Mike McKibbin

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October 31, 2012
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Efficiency key to new Encana Parachute Park field office

"Durable, maintainable and efficient" is how the project manager for Encana Oil & Gas describes the company's new Piceance Basin field office and control center at 143 Diamond Ave. in Parachute Park.The 49,000-square foot, three-story building was built by general contractor G.E. Johnson of Colorado Springs, with more than 80 percent West Slope subcontractors, said Eric Olsen. Construction began in January and Encana moved in this month, he added.The company had leased space at the Solvay Chemicals plant north of Parachute for the last several years."We focused on efficiency, durability and maintainability throughout," Olsen said during a media tour of the building on Monday."This is a field office, it's not a downtown Denver office building," Encana spokesman Doug Hock said. "So we didn't want anything that fancy or expensive."For example, a 95-seat "pumper room," where field workers come in early each morning and download information on wells and other facilities, includes motion and light sensors to save energy, Olsen said.After the room is vacant for a time, the high-efficiency lights automatically turn off, he said. If natural light meets a certain level, Olsen added, the lights turn off as well.Windows are double pane with a high R-value for insulation and are treated to keep heat out in the summer so the building's air conditioning does not run as much, Olsen said."We oriented the building almost totally north and south to maximize natural light and reduce energy use," Olsen said.Davis Architects of Eagle designed the building, Olsen said, including "a lot of suggestions on how we could be even more efficient."Encana also worked with Xcel Energy to have another engineering firm help with efficiency as well, Olsen said.One suggestion was to use special electrical power strips that will turn off computer monitors and other equipment, after a certain amount of time a user does not move their legs, Olsen said.As a result, the building's electrical usage should be 22 percent more efficient than most buildings of similar size and uses, Olsen said. Peak electrical use should be 31 percent lower, heating should more 35 percent more efficient and the cost of all utilities should be 22 percent lower, Olsen said.After one year of energy use data is gathered in the new building, Olsen said, Encana may apply for an Energy Star rating from the U.S. Environmental Protection Agency.Olsen said interior costs, including furniture and supplies, was around $6 million. The developer, Shea Properties of California, paid a little less than $10 million to do the site work, including land acquisition, Olsen said.The building is Encana's largest field office in the U.S., with a maximum occupancy of 314 people, Olsen said. Currently, between 230 to 240 workers use the building, he added. With modifications, such as renovating meeting rooms and storage rooms into offices, and adding more cubicles, Olsen said the building could hold 345 people. "We built it on the northern end of a five-acre parcel, so if we expand, it would be to the south," Olsen said.Hock said the new building was not built for any immediate increase in workers."We had just seriously outgrown our previous location," he added.Another 20,000 square feet could be added, if and when Encana expands, Olsen said. The company has a 20-year lease on its new location, he noted.Encana has drilled around 3,000 natural gas wells in Garfield County since 2002 and has had its regional headquarters in the Parachute area since 2004, Hock said.Encana has five drilling rigs in the Piceance Basin this year, Hock said."We haven't set our [2013] budget yet, but I'd anticipate a similar level of activity," he said.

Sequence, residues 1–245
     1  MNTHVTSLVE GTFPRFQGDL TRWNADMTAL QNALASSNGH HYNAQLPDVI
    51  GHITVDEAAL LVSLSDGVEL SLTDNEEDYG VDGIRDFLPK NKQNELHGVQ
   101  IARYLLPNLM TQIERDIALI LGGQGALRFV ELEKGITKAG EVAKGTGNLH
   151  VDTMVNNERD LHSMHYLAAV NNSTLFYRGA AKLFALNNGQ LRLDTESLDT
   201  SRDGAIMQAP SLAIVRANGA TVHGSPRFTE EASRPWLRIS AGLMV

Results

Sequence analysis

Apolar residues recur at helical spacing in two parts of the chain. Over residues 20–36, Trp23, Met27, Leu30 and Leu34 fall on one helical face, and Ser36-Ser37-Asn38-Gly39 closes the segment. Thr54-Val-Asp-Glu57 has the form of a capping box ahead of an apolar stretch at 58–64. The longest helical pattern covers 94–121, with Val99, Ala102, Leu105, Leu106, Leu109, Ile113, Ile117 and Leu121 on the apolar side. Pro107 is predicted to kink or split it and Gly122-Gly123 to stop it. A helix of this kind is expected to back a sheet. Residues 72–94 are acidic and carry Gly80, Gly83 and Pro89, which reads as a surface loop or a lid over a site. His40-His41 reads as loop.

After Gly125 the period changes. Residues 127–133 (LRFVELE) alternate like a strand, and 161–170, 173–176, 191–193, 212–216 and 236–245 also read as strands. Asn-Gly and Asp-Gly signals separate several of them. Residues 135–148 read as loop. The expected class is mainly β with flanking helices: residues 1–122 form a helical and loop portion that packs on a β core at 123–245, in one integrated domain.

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The Post Independent Updated Nov 1, 2012 01:11PM Published Oct 31, 2012 06:04PM Copyright 2012 The Post Independent. All rights reserved. This material may not be published, broadcast, rewritten or redistributed.